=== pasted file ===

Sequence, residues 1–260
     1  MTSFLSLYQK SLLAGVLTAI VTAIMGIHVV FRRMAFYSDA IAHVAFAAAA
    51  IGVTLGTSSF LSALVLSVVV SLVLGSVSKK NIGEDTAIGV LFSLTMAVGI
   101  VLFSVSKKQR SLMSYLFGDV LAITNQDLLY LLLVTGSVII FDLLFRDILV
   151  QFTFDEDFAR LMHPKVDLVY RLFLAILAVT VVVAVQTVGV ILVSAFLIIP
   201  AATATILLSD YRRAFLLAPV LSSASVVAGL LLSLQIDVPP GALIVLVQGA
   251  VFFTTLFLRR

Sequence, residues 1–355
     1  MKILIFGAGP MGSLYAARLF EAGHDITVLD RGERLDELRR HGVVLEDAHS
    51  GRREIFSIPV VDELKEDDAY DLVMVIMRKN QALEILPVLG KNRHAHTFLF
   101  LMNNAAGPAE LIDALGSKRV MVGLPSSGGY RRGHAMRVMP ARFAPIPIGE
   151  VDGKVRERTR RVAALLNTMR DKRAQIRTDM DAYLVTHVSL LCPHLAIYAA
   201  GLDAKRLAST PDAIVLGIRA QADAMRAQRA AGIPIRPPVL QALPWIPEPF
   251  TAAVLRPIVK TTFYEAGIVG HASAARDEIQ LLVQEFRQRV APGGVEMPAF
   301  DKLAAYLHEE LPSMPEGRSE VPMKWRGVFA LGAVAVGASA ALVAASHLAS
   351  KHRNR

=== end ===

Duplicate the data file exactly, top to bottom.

Sequence, residues 1–260
     1  MTSFLSLYQK SLLAGVLTAI VTAIMGIHVV FRRMAFYSDA IAHVAFAAAA
    51  IGVTLGTSSF LSALVLSVVV SLVLGSVSKK NIGEDTAIGV LFSLTMAVGI
   101  VLFSVSKKQR SLMSYLFGDV LAITNQDLLY LLLVTGSVII FDLLFRDILV
   151  QFTFDEDFAR LMHPKVDLVY RLFLAILAVT VVVAVQTVGV ILVSAFLIIP
   201  AATATILLSD YRRAFLLAPV LSSASVVAGL LLSLQIDVPP GALIVLVQGA
   251  VFFTTLFLRR

Sequence, residues 1–355
     1  MKILIFGAGP MGSLYAARLF EAGHDITVLD RGERLDELRR HGVVLEDAHS
    51  GRREIFSIPV VDELKEDDAY DLVMVIMRKN QALEILPVLG KNRHAHTFLF
   101  LMNNAAGPAE LIDALGSKRV MVGLPSSGGY RRGHAMRVMP ARFAPIPIGE
   151  VDGKVRERTR RVAALLNTMR DKRAQIRTDM DAYLVTHVSL LCPHLAIYAA
   201  GLDAKRLAST PDAIVLGIRA QADAMRAQRA AGIPIRPPVL QALPWIPEPF
   251  TAAVLRPIVK TTFYEAGIVG HASAARDEIQ LLVQEFRQRV APGGVEMPAF
   301  DKLAAYLHEE LPSMPEGRSE VPMKWRGVFA LGAVAVGASA ALVAASHLAS
   351  KHRNR